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J Clin Exp Neuropsychol. 2011 Jan;33(1):30-41. doi: 10.1080/13803391003772873. Epub 2010 May 17.

Cumulative effects of concussions in athletes revealed by electrophysiological abnormalities on visual working memory.

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Centre de Recherche en Neuropsychologie et Cognition, Universite de Montreal, Montreal, Quebec, Canada.


Event-related potentials (ERPs) have been useful to detect subtle, pervasive alterations of cognition-related waveforms in athletes with multiple concussions. This study used the sustained posterior contralateral negativity (SPCN) waveform component recorded while participants performed a visual short-term memory task to investigate how working memory (WM) storage capacity was affected among athletes who differed according to their history of sports concussions. Fifty-five university-level football players were assigned to three groups: 1-2 concussion athletes; 3+ concussion athletes; non-concussed athletes. The main finding of the present study was that athletes with a history of three concussions or more exhibited significantly attenuated SPCN amplitude relative to both concussed athletes with only one or two prior concussions and athletes without concussions. The latter finding adds to previous evidence of disproportionately worse outcome in athletes presenting with a history of three or more concussions relative to those with fewer concussions. In addition, SPCN amplitude was found to correlate significantly with a visual memory capacity estimate (K), but this K value did not significantly differ across groups. This suggests that attenuated SPCN amplitude after three or more concussions did not interfere with apparent WM function. Taken together, these findings suggest that the altered neurophysiological index of WM storage might be a more sensitive measure of a latent WM function abnormality which may well worsen with aging, or perhaps additional brain insults.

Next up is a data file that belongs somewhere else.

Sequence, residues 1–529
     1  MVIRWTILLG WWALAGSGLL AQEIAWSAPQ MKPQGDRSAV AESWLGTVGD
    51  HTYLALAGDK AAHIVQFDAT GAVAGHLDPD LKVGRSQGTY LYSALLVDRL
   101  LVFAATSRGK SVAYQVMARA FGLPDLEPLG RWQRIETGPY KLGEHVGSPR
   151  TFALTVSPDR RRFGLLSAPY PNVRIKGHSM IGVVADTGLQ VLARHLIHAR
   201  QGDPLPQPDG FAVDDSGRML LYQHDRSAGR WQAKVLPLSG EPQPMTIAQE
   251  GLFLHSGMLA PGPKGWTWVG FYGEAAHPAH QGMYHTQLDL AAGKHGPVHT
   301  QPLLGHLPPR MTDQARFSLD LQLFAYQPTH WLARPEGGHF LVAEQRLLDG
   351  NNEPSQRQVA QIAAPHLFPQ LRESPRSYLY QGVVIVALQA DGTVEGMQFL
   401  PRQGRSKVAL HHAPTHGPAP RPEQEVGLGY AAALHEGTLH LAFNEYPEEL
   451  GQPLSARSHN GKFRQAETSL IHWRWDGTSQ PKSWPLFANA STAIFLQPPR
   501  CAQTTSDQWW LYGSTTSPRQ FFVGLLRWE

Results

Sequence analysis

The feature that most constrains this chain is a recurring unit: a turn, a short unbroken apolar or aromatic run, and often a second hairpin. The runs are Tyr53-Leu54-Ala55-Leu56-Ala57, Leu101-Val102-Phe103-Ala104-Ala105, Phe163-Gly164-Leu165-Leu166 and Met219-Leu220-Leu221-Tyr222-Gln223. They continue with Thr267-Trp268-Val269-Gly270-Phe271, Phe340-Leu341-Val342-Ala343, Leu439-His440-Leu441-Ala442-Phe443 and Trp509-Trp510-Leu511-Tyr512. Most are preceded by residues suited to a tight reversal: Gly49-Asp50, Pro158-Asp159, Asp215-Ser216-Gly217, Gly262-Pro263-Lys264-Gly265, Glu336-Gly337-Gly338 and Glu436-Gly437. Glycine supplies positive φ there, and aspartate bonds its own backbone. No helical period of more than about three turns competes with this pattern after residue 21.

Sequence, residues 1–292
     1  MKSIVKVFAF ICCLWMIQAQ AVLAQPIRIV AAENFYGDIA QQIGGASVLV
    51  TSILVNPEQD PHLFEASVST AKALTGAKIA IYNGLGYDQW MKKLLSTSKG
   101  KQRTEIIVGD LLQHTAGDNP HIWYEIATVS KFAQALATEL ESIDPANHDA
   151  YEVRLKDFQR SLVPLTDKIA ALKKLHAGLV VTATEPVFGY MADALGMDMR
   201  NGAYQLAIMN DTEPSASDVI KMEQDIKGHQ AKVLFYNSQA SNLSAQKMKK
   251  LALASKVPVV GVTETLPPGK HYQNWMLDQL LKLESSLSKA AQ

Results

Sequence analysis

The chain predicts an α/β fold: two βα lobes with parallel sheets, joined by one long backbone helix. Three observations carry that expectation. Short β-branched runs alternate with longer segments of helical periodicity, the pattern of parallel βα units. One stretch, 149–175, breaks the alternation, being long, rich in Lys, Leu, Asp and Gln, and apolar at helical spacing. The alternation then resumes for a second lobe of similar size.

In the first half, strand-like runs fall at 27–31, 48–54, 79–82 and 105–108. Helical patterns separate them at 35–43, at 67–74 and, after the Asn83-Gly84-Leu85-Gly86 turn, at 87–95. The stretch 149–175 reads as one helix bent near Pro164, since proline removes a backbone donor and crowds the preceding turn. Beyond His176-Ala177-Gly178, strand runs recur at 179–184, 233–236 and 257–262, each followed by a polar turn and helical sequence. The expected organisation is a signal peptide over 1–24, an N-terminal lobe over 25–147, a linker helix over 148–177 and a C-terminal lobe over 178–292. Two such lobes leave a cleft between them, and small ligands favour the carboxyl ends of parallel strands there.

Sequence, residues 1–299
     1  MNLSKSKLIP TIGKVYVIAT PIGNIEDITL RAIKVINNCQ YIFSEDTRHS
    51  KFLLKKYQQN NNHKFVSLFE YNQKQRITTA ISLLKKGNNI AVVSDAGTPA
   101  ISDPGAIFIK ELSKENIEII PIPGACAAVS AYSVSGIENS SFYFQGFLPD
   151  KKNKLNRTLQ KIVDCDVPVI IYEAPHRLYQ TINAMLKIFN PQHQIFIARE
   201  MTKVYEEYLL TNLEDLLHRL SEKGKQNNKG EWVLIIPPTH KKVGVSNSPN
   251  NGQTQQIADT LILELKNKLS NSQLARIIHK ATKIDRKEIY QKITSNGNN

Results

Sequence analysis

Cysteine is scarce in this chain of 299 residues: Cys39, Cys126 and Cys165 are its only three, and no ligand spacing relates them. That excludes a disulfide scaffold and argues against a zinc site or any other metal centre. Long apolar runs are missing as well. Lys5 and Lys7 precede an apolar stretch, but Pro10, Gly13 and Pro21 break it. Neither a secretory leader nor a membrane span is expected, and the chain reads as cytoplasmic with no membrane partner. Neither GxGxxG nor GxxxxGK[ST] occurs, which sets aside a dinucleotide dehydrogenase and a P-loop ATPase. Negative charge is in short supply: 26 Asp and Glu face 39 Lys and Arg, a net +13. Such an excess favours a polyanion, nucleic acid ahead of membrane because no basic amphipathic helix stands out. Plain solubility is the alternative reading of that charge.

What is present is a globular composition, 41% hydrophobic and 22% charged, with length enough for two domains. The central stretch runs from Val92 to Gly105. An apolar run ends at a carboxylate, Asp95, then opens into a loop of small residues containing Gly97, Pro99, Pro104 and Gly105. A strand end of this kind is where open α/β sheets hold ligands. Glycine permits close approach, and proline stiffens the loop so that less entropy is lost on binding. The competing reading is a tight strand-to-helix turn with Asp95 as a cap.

[Indexed for MEDLINE]

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